Since the 1970s, Metro Theater Company has been performing thought-provoking, and often original, works for young audiences in St. Louis and beyond.
Currently the company is touring area schools and stages performing “Unsorted” by Wesley Middleton. The forty-minute drama explores themes of identity and belonging through characters that personify pieces of clothing.
Metro Theater Company Artistic Director Julia Flood and Old Bonhomme Elementary School teacher Lori Humphrey joined Cityscape host Steve Potter in studio to discuss the play.
Flood joined the Metro Theater Company in January, after the retirement of long-time Metro Theater Company Artistic Director Carol North. Humphrey is a second-grade teacher in the Ladue School District, and helped bring the play to her school.
“[I] saw a preview of it and just knew that it was something that I really was hoping we could bring to our school district,” said Humphrey. “It was just such an innovative and creative way to bring up discussion topics that might be a little difficult to talk about.”
Metro Theater Company specifically chooses plays that address issues important to young people, said Flood. And she’s found that to be particularly true with “Unsorted.”
“I have now seen it with 3 year olds and I’ve seen it with teenagers. And both groups have reacted really strongly to the play. Because of the metaphor that Wesley has used with the sorting of clothing, it speaks to everyone who sees it on their own level,” said Flood.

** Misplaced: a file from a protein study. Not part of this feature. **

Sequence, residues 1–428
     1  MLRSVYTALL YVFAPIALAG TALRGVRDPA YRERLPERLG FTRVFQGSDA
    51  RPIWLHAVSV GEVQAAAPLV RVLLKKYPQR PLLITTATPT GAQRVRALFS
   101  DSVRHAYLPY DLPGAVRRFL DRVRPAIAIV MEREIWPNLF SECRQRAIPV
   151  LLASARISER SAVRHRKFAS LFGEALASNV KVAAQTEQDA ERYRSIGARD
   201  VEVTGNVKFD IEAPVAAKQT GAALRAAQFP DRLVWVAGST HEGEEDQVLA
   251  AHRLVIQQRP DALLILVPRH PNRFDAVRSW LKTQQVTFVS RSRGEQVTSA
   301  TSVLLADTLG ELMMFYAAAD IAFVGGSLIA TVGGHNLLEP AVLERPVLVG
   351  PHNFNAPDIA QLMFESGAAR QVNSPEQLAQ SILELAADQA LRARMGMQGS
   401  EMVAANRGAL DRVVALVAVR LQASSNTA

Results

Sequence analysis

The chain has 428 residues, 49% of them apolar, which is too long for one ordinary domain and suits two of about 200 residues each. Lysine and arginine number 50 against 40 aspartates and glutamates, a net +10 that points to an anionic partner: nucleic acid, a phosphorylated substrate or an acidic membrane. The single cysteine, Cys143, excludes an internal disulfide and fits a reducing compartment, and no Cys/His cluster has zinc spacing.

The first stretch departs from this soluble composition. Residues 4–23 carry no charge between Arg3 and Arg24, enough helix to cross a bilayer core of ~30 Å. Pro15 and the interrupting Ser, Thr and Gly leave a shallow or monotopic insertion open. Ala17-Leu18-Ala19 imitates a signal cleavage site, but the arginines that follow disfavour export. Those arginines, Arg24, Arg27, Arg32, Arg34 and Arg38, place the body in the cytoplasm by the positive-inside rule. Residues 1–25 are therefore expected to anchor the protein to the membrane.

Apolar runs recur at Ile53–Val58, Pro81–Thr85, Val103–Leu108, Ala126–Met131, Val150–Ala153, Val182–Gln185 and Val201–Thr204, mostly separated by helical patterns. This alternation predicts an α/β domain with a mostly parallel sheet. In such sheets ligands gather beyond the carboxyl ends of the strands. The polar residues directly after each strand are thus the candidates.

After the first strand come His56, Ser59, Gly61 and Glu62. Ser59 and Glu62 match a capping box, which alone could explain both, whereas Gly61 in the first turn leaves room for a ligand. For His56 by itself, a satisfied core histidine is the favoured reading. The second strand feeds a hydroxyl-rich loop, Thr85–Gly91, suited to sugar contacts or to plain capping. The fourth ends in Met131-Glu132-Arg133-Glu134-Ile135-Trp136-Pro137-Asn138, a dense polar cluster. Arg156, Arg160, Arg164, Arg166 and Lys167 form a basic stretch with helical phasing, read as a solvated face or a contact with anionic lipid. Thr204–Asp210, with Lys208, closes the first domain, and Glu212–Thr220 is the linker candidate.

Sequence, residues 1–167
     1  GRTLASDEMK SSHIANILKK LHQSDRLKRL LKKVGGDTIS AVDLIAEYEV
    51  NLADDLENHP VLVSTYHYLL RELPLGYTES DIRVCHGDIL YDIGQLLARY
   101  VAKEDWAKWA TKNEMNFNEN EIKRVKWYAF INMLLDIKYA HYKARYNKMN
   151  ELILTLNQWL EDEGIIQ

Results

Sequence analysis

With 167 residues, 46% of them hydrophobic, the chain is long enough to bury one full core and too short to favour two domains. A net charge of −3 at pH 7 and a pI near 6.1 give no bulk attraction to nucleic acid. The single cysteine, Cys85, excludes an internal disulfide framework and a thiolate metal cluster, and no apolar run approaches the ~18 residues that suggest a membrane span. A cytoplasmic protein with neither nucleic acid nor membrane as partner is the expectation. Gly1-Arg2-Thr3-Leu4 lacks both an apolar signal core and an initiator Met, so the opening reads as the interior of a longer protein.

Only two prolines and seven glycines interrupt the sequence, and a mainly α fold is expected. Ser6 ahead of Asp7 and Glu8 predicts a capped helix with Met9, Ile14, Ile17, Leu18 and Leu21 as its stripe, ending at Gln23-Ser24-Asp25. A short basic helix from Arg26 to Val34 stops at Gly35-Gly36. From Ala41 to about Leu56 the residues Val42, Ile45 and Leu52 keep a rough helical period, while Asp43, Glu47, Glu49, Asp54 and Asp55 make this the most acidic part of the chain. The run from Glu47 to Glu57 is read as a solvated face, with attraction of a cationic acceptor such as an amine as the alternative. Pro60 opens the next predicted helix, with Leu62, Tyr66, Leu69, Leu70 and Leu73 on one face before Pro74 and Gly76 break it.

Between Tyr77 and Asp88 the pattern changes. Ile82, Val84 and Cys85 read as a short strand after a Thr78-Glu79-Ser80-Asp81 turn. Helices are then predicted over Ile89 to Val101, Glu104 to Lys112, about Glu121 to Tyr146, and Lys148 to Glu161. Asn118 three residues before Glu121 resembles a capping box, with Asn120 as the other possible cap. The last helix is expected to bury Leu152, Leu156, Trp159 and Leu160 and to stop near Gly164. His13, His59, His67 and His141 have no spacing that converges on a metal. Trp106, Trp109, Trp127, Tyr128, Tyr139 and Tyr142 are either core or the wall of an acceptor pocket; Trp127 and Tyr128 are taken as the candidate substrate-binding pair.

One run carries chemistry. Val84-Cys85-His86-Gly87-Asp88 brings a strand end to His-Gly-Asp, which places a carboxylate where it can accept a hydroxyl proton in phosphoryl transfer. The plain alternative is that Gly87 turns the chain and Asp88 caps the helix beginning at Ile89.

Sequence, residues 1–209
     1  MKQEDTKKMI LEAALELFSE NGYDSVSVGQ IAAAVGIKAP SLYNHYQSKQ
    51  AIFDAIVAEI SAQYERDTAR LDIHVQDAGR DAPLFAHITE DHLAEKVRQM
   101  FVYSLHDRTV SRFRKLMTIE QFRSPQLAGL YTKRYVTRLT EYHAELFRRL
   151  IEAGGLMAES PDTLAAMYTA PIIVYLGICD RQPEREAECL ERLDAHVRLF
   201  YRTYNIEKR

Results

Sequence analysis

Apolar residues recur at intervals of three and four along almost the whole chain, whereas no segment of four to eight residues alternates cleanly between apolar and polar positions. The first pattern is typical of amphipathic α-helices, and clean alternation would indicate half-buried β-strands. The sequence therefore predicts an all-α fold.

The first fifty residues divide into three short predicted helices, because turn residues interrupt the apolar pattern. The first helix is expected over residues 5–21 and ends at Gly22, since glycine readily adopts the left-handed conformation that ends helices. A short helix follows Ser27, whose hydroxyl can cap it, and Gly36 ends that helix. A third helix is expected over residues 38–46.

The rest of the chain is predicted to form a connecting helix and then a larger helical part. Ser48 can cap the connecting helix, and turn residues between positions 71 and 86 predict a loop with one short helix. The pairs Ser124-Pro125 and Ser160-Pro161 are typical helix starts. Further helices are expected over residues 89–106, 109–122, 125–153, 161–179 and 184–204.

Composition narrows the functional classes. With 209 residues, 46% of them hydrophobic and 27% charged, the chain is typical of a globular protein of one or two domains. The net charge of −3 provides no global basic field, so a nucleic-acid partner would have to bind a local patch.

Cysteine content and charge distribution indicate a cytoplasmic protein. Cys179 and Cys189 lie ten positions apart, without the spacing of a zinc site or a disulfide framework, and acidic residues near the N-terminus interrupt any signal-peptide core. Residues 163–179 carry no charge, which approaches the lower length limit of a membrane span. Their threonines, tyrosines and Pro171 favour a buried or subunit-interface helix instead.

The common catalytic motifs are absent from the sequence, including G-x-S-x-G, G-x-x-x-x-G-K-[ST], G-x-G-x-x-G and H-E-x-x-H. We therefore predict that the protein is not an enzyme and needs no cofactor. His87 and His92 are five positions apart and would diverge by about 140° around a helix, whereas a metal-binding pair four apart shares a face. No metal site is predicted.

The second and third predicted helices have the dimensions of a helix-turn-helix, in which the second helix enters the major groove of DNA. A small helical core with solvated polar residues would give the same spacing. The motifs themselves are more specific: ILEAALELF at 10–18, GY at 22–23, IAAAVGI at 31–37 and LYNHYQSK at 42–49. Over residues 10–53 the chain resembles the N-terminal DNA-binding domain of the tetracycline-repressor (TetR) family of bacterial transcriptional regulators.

According to Flood, Middleton was inspired to write the play by watching a New City School Kindergarten class sort lost and found clothing. After debating whether a red shirt was for boys or girls, the class decided that everything should belong in the same category.
Because the characters of the play are items of clothing, different people take different meanings out of the play. Some see it as a conversation about race, others see it as a commentary about gender, and so on.
“There are some things that are obvious ways that we are all different. There are some things that are less obvious, said Flood. “Part of the power of this play is that it makes you think about it. It makes you think why is this group over here together and that person alone? Do they want to be alone? Are they being shut out? Part of what we’re trying to encourage young people to do is to really see what is going
While most performances are for specific audiences, two performances of “Unsorted” will be open to the public next weekend at Wydown Middle School.
Metro Theater Company Presents "Unsorted"
April 12-13, 2014
Wydown Middle School Theater, 6500 Wydown Boulevard
Metro Theater Company Website
Cityscape is produced by Mary Edwards and Alex Heuer, hosted by Steve Potter and funded in part by the the Arts and Education Council of Greater St. Louis, the Regional Arts Commission and the Missouri Arts Council, a state agency.